Defective leukocyte metabolism in human cobalamin deficiency: impaired propionate oxidation and serine biosynthesis reversible by cyanocobalamin therapy.J Lab Clin Med. 1976 Jan; 87(1):89-97.JL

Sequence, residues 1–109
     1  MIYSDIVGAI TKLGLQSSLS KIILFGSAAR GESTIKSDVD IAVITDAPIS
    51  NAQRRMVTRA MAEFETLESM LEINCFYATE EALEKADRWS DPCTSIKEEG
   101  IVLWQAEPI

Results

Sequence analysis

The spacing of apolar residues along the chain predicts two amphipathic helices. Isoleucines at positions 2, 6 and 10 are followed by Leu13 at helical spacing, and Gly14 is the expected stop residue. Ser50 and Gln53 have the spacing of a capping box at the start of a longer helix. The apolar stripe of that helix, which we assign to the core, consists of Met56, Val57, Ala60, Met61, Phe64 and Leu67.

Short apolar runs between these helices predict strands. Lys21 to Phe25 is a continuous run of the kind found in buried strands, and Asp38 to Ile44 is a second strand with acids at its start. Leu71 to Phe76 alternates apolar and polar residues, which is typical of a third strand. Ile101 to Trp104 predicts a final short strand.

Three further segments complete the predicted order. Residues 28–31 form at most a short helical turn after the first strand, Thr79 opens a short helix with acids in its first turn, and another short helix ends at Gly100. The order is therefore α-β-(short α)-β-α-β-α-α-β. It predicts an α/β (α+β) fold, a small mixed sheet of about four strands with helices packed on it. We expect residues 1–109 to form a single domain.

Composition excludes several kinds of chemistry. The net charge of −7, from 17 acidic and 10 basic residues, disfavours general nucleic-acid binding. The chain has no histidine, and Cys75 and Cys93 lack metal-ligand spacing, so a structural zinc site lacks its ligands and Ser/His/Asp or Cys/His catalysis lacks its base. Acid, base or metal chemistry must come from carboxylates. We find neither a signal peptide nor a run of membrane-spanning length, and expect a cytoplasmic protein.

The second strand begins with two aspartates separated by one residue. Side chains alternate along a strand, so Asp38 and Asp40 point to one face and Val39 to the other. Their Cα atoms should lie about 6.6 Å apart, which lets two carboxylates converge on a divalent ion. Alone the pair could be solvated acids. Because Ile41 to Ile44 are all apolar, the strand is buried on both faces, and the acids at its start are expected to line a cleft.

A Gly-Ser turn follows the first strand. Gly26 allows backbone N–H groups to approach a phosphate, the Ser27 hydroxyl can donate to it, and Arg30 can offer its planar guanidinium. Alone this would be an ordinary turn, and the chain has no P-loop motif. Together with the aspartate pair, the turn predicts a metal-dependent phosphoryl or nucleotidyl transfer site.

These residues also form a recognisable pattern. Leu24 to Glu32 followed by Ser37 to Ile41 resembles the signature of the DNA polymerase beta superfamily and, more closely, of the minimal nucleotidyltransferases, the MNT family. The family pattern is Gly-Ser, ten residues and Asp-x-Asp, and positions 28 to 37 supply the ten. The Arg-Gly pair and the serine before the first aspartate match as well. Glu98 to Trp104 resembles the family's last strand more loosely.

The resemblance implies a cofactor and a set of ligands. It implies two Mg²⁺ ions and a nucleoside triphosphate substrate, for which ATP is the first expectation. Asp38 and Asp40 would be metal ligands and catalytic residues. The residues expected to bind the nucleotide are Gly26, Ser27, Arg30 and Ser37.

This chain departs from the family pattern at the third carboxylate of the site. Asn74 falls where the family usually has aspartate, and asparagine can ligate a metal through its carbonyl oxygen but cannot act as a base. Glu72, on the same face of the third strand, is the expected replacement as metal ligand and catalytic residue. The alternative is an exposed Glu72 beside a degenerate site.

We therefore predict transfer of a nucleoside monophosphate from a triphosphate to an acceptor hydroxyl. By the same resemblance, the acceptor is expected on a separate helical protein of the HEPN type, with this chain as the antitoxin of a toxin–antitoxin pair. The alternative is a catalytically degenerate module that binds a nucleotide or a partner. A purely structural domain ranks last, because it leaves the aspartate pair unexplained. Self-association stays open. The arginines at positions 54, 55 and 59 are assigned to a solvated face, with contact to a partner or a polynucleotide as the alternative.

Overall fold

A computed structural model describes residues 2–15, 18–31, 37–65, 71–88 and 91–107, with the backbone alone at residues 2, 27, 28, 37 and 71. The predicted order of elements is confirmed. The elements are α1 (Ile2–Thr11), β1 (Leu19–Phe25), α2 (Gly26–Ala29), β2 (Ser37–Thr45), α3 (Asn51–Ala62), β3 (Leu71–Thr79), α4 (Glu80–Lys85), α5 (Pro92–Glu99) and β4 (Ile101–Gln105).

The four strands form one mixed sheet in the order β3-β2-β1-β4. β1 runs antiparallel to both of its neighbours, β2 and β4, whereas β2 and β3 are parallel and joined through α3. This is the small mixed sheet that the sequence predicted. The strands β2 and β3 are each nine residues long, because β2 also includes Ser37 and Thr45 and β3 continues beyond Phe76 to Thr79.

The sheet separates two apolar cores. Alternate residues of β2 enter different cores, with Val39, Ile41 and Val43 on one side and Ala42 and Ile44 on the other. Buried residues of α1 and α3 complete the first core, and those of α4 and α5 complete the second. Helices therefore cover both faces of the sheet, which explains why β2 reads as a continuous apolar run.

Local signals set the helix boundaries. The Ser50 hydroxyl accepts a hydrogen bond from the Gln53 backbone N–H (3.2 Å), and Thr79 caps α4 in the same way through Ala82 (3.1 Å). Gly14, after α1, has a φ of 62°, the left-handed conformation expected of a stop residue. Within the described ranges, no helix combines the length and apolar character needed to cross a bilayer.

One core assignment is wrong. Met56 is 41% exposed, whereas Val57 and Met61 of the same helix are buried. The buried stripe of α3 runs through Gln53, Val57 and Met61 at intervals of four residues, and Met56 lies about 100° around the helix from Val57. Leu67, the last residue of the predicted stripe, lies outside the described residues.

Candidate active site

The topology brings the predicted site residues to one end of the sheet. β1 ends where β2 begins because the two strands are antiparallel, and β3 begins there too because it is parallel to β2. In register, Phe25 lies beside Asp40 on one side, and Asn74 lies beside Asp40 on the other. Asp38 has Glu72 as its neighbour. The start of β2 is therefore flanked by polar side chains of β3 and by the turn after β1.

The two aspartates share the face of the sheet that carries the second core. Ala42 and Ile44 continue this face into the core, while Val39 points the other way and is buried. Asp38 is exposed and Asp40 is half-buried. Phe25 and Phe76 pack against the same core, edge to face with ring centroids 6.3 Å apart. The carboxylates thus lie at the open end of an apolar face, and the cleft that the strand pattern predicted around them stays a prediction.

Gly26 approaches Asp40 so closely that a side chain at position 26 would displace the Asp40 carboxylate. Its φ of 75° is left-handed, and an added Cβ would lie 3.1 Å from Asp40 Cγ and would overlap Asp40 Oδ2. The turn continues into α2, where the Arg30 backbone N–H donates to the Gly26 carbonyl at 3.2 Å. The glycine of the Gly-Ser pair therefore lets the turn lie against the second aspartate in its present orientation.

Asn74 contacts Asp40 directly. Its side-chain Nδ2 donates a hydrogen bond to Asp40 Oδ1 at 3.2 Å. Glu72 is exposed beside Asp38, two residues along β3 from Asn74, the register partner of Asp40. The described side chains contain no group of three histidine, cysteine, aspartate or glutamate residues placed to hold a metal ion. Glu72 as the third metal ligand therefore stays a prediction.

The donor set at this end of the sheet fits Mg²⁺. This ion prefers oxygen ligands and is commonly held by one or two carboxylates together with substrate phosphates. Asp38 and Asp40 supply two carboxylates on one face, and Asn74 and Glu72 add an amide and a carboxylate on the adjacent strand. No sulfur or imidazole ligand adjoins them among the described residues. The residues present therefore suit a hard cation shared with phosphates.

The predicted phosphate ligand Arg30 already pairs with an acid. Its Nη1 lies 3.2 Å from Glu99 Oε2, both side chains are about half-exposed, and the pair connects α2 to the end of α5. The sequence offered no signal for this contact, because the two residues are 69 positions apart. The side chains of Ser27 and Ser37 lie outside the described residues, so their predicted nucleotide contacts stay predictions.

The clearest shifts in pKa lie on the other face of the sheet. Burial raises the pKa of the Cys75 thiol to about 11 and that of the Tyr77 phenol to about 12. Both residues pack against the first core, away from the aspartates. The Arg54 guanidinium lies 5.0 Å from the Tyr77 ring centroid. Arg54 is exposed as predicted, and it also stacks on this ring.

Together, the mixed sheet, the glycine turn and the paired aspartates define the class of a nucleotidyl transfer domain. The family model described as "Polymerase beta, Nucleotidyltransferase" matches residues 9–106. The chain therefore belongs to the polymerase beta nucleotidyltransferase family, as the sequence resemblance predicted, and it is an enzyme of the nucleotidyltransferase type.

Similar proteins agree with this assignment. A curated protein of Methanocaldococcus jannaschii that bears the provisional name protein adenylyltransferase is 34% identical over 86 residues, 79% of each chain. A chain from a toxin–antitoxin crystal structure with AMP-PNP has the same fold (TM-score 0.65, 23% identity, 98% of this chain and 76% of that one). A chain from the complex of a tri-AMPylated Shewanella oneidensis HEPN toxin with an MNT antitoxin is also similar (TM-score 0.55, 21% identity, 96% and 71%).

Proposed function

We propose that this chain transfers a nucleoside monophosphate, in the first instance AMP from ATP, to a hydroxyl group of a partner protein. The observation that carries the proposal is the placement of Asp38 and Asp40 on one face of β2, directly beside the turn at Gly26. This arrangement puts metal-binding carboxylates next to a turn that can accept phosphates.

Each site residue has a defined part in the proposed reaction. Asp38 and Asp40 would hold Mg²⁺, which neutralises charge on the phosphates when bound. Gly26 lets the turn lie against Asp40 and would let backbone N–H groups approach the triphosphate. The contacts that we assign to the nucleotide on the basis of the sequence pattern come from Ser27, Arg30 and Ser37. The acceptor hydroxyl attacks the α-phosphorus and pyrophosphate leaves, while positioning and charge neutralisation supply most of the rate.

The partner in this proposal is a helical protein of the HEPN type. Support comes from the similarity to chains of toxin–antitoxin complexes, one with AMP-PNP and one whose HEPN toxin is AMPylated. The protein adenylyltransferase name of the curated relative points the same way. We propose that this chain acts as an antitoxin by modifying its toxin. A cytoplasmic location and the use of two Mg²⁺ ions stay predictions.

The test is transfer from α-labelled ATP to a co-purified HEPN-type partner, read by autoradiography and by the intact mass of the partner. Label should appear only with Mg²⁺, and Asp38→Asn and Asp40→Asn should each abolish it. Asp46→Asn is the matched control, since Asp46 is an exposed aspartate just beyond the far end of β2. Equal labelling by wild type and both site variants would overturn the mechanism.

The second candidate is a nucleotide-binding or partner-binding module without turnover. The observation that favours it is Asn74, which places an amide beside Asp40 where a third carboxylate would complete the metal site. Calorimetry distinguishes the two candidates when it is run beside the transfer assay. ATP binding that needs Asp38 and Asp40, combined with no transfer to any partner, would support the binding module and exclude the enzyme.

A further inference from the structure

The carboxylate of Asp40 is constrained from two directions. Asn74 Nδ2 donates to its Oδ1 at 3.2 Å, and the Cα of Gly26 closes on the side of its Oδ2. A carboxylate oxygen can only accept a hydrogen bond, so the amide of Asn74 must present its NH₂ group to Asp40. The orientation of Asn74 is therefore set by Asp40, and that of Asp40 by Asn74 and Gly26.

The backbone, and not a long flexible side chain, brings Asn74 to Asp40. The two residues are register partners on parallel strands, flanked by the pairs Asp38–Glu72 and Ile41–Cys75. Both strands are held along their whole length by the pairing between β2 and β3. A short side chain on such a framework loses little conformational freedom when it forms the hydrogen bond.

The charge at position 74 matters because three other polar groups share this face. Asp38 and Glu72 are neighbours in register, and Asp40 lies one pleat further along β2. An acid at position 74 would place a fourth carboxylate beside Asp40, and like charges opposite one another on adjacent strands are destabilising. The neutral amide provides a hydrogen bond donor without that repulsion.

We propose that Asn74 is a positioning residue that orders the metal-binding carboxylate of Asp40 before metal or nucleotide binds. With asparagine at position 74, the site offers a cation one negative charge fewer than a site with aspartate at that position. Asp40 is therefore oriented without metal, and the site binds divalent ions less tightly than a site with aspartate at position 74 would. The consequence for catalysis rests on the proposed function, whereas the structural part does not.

Biochemical disturbances common to vitamin B12 and folate deficiency were investigated in leukocytes from patients with cobalamin deficiency. The investigations focused on the only two human metabolic pathways known to require vitamin B12. In the propionate pathway, deoxyadenosylcobalamin is required for isomerization of methylmalonyl-CoA to succinyl-CoA. Leukocyte oxidation of 14C-propionate to 14CO2 was markedly decreased in 9 patients with Addisonian cobalamin deficiency and 2 patients with low serum cobalamin associated with folate deficiency, whereas 14C-succinate oxidation was normal. Three of the Addisonian patients had only minimal anemia. Within 4 days after one injection of 1,000 mug of cyanocobalamin, in 7 out of 8 patients studied, leukocyte propionate oxidation increased to normal levels. In folate-mediated one-carbon metabolism, as measured by serine biosynthesis from formate, methylcobalamin is required for conversion of methyl-folate to tetrahydrofolate. Leukocyte formation of 14C-serine from 14C-formate was significantly depressed in 5 patients with low serum cobalamin, little or no anemia, and only marginally low total red cell folate, the low serum cobalamin in 2 of these patients was associated with folate deficiency. After 1,000 mug of cyanocobalamin, in 2 of 3 patients, leukocyte serine biosynthesis increased to the normal range. These observations demonstrated that these two metabolic pathways in leukocytes were sensitive to cobalamin deficiency, and responsive to cobalamin therapy. Although there was no correlation between either of these metabolic activities and the serum cobalamin, red cell folate, or hematocrit, there was a striking correlation between impairment of leukocyte propionate oxidation and of leukocyte serine biosynthesis in 5 patients who were minimally anemic. The remarkably close correspondence between effects of low cobalamin on these two metabolic pathways, in nonanemic patients, must be a direct consequence of their common requirements for a cobalamin co-enzyme. These findings emphasize the importance of cobalamin in folate metabolism, and are consistent with the hypothesis that folate is "trapped" as methyl-folate in cobalamin deficiency, but do not exclude the possibility that this "trapping" is caused by a third metabolic function of cobalamin which might mediate transport of folate into cells.